//keystrokes buffer
var keys = [];
var mouses = {
    state: 'up',
    x: null,
    y: null
};

//images
var images = {
    files: {},
    list: {
        'white': 'images/white.png',
        'black': 'images/black.png'
    }
}

Utilities

We also declares a few utility functions to ease our game data processing.

function keydown(e){
    keys[e.keyCode] = true;
}

function keyup(e){
    delete keys[e.keyCode];
}

function collisionDetect(boundA, boundB){
    return ! ( 
        (boundA.y + boundA.height < boundB.y) || 
        (boundA.y > boundB.y + boundB.height) || 
        (boundA.x > boundB.x + boundB.width) || 
        (boundA.x + boundA.width < boundB.x)
    );
}

function getOffsetX(e){
    e = e || window.event;

    var target = e.target || e.srcElement;
    var rect = target.getBoundingClientRect();
    
    return offsetX = e.clientX - rect.left;
}

function getOffsetY(e){
    e = e || window.event;

    var target = e.target || e.srcElement;
    var rect = target.getBoundingClientRect();

    return e.clientY - rect.top;
}

function arrayHasOwnIndex(array, prop) {
    return array.hasOwnProperty(prop) && /^0$|^[1-9]\d*$/.test(prop) && prop <= 4294967294; // 2^32 - 2
}

keydown and keyup are functions which will be called when user triggered keyboard clicks. As we can see, when key is "down" (user pressed the key), we put the keycode into our keys array. When the key is "up" (user lifted their finger away from the key), the array value with the keycode as its index will be deleted. This ensures that multiple key presses will be allowed for user.

The other functions had been explained in previous tutorials. getOffsetX and getOffsetY are used to get precise mouse click coordinate relative to our game board (canvas) element. Else we will get mouse click coordinate relative to our HTML page, which in most case would be inaccurate.

Preparing the Game

First let us enclosure our game within jQuery's "ready" event.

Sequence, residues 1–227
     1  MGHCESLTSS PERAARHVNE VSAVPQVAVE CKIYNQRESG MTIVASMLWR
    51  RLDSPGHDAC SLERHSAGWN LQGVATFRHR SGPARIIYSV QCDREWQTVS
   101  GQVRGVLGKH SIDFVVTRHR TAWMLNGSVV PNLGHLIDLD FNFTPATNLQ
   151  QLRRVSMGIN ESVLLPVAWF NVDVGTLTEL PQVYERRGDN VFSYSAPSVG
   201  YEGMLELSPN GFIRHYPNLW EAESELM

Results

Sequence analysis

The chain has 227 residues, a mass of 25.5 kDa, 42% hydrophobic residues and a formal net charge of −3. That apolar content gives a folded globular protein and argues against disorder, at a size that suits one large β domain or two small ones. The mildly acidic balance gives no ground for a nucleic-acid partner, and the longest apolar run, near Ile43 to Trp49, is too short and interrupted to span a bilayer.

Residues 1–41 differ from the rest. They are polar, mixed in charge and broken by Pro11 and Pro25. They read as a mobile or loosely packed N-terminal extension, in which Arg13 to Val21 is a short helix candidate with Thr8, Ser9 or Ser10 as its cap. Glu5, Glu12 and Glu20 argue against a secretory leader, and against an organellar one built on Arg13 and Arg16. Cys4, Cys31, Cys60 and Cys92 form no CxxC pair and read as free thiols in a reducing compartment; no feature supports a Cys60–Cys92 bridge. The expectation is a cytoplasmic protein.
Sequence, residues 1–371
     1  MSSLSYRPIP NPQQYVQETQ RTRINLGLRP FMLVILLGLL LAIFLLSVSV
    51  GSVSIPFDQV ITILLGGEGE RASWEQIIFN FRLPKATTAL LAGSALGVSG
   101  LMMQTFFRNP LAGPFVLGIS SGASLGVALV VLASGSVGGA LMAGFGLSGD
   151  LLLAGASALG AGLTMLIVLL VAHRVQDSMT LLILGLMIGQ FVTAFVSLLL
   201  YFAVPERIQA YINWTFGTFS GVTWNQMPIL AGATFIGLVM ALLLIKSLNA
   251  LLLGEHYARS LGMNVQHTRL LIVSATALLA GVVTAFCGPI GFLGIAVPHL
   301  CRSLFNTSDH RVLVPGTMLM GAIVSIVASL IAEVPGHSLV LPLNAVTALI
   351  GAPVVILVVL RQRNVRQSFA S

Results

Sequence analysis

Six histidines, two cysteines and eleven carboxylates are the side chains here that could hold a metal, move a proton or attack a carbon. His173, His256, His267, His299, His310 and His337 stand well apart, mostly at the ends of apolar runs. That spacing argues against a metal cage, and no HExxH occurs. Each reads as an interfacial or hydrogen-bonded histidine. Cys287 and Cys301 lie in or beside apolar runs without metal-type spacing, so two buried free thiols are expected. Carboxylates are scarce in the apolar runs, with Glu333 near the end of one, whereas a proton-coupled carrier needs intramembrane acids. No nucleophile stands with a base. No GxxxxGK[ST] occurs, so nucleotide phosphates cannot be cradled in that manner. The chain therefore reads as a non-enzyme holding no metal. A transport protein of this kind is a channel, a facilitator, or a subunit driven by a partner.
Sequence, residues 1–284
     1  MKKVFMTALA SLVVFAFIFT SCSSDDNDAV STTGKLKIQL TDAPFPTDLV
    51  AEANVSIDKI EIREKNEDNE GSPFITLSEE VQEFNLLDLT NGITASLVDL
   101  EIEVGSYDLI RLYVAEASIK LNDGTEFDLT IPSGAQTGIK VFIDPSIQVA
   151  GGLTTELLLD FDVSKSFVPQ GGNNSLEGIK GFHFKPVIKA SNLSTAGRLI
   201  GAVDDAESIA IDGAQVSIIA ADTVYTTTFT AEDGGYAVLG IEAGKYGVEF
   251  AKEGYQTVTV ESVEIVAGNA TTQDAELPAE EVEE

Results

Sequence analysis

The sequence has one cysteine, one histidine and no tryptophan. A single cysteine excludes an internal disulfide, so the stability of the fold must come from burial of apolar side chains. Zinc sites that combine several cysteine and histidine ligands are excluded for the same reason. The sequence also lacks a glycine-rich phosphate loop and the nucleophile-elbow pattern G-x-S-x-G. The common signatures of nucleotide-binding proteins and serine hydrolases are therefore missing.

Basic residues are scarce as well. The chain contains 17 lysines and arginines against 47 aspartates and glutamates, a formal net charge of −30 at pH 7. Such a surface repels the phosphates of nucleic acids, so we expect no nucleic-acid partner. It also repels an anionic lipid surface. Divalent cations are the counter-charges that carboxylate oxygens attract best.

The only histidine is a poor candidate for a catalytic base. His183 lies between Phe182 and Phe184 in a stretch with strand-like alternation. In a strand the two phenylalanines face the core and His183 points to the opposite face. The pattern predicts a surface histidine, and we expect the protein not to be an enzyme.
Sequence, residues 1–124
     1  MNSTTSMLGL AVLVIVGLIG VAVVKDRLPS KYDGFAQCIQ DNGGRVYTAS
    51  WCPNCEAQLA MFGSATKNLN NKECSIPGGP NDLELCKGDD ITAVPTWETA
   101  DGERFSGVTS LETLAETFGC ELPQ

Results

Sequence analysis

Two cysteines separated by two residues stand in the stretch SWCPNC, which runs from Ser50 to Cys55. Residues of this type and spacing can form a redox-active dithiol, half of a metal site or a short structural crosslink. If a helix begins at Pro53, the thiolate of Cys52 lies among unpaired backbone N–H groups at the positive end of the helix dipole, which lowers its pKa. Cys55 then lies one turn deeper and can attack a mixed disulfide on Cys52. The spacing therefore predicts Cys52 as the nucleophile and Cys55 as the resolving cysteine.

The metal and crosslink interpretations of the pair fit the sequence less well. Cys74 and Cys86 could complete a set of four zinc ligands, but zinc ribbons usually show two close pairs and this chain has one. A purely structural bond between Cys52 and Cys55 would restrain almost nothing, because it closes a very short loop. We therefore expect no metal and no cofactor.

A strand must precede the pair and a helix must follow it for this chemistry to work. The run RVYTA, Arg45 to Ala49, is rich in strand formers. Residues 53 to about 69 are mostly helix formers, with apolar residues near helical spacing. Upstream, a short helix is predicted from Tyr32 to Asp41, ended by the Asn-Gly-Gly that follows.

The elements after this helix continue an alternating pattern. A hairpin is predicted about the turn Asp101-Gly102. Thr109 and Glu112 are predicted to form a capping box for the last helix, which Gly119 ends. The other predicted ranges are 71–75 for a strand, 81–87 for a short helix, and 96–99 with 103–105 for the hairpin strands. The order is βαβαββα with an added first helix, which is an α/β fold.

$(document).ready(function(){

});

Inside this closure, we begin to prepare our game elements.

    var canvas = $('<canvas width="600" height="400" />')
        .addClass('gameboard')
        .appendTo('body')
        .off('click')
        .off('mousedown')
        .off('mouseup')
        .off('mousemove');
    var ctx = canvas.get(0).getContext('2d');
    
    var board = {
        'width': canvas.width(),
        'height': canvas.height()-50,
        'x': 0,
        'y': 50,
        'bg': canvas.css('background-color')
    };

    var socket = null;
    var id = null;
    var players = null;
    var bullets = {
        'self': null,
        'enemy': null
    };
    
    $.each(images.list, function(idx, res){
        var img = new Image();
        img.src = res;
        img.onload = function(){
            images.files[idx] = this;
            if(Object.keys(images.files).length == Object.keys(images.list).length){
                start();
            }
        }
        img.onerror = function(){
            clearScreen();
            drawText(145, (board.height/2), 24, 'Failed to load game resources');
        }
    });
	
    //screen utilities
    function clearScreen(){
        ctx.beginPath();
        ctx.rect(0, 0, canvas.get(0).width, canvas.get(0).height);
        ctx.fillStyle = '#000000';
        ctx.fill();
        ctx.closePath();
    }

    function drawText(x, y, size, text){
        ctx.fillStyle = 'rgb(255,255,255)';
        ctx.font = size + 'px Arial';
        ctx.textAlign = 'left';
        ctx.textBaseline = 'top';